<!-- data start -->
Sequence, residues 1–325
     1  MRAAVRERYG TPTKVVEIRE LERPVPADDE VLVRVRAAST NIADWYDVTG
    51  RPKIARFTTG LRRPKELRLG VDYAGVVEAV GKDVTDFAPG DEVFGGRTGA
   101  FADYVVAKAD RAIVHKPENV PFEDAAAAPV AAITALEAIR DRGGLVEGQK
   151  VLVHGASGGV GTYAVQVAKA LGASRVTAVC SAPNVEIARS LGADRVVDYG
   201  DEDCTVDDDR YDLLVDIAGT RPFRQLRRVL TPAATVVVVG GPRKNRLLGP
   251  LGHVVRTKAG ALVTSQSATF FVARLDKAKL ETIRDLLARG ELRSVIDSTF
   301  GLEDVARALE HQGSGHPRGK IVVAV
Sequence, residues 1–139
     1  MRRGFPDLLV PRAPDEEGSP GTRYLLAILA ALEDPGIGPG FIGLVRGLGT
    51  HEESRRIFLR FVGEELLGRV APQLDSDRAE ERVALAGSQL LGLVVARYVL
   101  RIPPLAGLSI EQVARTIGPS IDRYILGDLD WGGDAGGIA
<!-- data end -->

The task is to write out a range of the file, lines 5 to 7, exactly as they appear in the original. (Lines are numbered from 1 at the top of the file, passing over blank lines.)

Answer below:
   151  VLVHGASGGV GTYAVQVAKA LGASRVTAVC SAPNVEIARS LGADRVVDYG
   201  DEDCTVDDDR YDLLVDIAGT RPFRQLRRVL TPAATVVVVG GPRKNRLLGP
   251  LGHVVRTKAG ALVTSQSATF FVARLDKAKL ETIRDLLARG ELRSVIDSTF